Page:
Many cops coping poorly
Experts say mental health issues among police officers are a major concern.
New data shows around 1 in 4 police officers are potentially drinking at hazardous levels and around 1 in 7 meeting the criteria for post-traumatic stress disorder and depression.
The researchers suggest the high prevalence of mental health issues among the police emphasises the need for effective treatment and monitoring programmes as well as extra cash to match the preventive efforts offered to other high risk groups.
Analysis by experts at Oxford University shows that first responders run a higher risk of mental health issues than the general public. However, it is unclear how common mental health issues are among police officers, or what the risk factors for these might be.
This is despite the fact that the nature of their work means that the police are uniquely exposed to extreme violence and death while often running the gauntlet of public distrust and disparagement, say the researchers.
The team pooled data from 67 studies that each involved at least 100 active police professionals and the use of validated measures to assess specific aspects of mental ill health.
Together, the created a dataset on a total of 272,463 police officers from 24 countries and covered post-traumatic stress disorder (PTSD), depression, substance misuse, anxiety disorder, and suicidal thoughts (ideation).
The estimated prevalence of mental health issues among police officers was substantial, and more than double the rate reported in several previously published studies.
Around 26 per cent of police officers screened positive for hazardous drinking, while one in seven met the criteria for PTSD (14 per cent) or depression (14.5 per cent).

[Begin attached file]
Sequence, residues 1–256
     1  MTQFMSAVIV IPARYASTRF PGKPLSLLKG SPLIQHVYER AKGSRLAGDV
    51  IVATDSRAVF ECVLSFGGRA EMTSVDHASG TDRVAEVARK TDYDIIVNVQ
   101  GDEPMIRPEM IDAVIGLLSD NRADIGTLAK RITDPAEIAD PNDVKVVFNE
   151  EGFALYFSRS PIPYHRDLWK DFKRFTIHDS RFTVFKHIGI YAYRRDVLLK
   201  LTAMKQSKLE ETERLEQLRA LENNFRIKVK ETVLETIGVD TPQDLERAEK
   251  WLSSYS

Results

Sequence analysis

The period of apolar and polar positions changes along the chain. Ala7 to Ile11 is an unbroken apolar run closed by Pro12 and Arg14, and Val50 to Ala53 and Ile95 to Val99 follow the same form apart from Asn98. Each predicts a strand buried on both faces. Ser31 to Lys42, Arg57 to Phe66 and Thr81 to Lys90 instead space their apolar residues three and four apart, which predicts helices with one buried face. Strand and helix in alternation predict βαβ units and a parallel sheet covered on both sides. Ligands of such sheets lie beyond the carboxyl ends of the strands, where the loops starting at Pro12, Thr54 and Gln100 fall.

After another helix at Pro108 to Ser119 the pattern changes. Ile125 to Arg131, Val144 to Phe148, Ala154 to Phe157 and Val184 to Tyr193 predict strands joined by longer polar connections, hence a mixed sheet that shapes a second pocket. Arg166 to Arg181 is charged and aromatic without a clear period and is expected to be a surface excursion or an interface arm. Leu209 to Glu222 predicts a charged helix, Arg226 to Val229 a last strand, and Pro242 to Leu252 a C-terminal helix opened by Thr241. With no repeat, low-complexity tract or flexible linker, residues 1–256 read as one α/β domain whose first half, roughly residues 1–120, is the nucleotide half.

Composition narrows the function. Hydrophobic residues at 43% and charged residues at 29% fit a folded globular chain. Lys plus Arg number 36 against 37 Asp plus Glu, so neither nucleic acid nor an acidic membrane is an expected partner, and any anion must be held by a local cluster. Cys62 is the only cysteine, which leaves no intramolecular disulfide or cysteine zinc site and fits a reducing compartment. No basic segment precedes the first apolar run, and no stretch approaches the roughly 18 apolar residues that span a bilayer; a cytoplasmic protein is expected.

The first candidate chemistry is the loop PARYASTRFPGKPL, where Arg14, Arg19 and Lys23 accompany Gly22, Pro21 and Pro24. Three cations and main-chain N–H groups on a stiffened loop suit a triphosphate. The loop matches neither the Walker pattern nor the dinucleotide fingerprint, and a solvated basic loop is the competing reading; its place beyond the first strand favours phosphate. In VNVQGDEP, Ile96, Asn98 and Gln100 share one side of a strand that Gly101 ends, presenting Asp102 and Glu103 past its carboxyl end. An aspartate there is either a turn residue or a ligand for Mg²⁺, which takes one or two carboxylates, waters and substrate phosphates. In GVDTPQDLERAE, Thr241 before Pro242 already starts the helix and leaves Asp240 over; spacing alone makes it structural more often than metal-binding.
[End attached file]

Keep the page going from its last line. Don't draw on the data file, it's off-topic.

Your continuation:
Around one in 10 met the criteria for anxiety disorder (9.5 per cent) and suicidal thoughts (8.5 per cent), while one in 20 (5 per cent) would be considered to be drinking at harmful levels or to be alcohol dependent.
Low levels of peer support, higher levels of job stress, and poor (avoidant) coping strategies were all strong risk factors for mental health issues, the data analysis suggested. Female sex was also a consistent risk factor for poorer mental health.
“Police officers show a substantial burden of mental health problems, emphasising the need for effective interventions and monitoring programmes,” the authors wrote.
Otherwise, “psychological difficulties will remain a substantial health concern among police,” they concluded.
A major problem, however, is that in the absence of good evidence no one can agree on what these interventions should be.
“Further research into interventions that address stress and peer support in the police is needed, taking into account risk differences between genders and cultures,” the research says.
“The results support increased funding initiatives for police wellbeing to match preventative efforts currently offered in other high-risk populations.”